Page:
When was the first time you learned about sex? For many of us, it was before we turned 18, regardless of whether we had the correct information.
Bombay Begums came under fire for its depiction of minors (high-schoolers) engaging in sexual activities. It brought up the debate of how sexuality in media affects children and whether they should even consume such content. But if this is something we all knew in school and probably participated in during our teenage years, what’s the big deal? Why is it problematic, and why should we talk about it?
Sexual Development Begins Early
Sexual development, sexuality, and sex are often used interchangeably in our conversations.
Sexual development, like any other form of human development, begins right when we are born. Health studies show that it is normal for children, as young as 7, to be curious about their bodies and have questions about sex. The way our parents and our school respond to these questions forms our first lessons in sexuality.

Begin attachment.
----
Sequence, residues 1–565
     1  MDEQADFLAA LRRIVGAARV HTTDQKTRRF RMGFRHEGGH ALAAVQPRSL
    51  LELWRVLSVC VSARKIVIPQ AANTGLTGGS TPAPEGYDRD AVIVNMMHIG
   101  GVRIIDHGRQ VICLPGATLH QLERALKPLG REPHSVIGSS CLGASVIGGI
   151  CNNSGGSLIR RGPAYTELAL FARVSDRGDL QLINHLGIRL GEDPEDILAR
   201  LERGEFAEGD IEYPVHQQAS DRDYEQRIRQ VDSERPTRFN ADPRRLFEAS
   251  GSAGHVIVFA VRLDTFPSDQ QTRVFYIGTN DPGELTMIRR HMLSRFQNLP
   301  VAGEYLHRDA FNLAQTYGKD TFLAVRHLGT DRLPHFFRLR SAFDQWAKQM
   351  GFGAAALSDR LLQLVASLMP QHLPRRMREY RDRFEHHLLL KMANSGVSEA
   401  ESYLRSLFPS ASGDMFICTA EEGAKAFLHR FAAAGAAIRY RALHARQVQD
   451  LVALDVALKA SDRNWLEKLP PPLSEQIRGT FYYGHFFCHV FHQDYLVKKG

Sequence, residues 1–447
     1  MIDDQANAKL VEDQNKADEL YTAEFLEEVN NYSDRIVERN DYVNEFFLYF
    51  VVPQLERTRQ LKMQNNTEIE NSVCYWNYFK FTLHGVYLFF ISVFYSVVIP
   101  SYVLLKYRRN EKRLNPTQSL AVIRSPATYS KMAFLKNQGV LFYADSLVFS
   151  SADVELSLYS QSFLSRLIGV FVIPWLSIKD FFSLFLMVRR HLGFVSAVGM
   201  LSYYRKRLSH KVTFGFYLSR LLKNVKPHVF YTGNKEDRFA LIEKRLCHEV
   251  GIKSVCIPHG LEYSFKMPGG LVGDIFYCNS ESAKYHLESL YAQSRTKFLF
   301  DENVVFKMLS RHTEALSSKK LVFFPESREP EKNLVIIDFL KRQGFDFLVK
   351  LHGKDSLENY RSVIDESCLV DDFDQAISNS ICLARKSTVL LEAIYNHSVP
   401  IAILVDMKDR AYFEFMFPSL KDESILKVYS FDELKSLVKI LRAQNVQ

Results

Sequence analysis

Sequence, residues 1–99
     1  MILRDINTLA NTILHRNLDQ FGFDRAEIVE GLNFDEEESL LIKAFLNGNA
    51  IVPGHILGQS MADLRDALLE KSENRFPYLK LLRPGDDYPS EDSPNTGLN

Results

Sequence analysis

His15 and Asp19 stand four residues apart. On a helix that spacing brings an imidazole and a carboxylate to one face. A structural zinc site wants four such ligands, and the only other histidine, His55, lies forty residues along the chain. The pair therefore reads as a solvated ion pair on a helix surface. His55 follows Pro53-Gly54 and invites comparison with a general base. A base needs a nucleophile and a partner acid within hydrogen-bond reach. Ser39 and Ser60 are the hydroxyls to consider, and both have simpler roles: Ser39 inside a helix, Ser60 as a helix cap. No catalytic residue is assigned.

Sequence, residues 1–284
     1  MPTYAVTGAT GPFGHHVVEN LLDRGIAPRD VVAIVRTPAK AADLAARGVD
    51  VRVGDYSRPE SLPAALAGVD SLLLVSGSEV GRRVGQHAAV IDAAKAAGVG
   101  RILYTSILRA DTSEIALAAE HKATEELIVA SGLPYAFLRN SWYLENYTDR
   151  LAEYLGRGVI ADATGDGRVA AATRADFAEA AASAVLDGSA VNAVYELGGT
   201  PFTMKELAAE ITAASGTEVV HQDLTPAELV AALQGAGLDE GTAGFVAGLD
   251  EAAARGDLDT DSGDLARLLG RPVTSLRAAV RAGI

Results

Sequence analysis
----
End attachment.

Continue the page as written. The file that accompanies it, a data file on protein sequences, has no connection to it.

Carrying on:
So if our parents reacted negatively, in aggression, or disgust, or disapproval, it leads us to believe that anything related to sex, including our feelings and our bodies, is wrong.
In an Indian family, these conversations are almost non-existent. I cannot recall one incident, apart from talking about periods, where my parents spoke to me about sex. If I ever asked, they ignored me or lied to me.
This makes children see their parents as less credible sources and discourages them from opening up about uncomfortable, or even dangerous, situations that may come up later in their life. When parents actively disengage from these topics, that is when pre-teens or teens turn to media for answers.
Sex Is Everywhere (Well… Sexual Content)
I was 15 or 16 when my friends and I watched Fifty Shades of Grey. As an adult now, I am…